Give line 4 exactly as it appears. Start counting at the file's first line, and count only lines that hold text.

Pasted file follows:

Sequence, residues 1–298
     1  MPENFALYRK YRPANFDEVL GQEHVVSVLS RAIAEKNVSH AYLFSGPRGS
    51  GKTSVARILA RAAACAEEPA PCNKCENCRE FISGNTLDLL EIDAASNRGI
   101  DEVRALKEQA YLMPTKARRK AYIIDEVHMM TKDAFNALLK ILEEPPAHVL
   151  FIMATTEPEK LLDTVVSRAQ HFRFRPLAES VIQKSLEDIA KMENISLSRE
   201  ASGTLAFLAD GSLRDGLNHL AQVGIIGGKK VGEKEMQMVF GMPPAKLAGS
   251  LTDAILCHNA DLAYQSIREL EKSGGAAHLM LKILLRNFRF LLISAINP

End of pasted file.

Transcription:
   101  DEVRALKEQA YLMPTKARRK AYIIDEVHMM TKDAFNALLK ILEEPPAHVL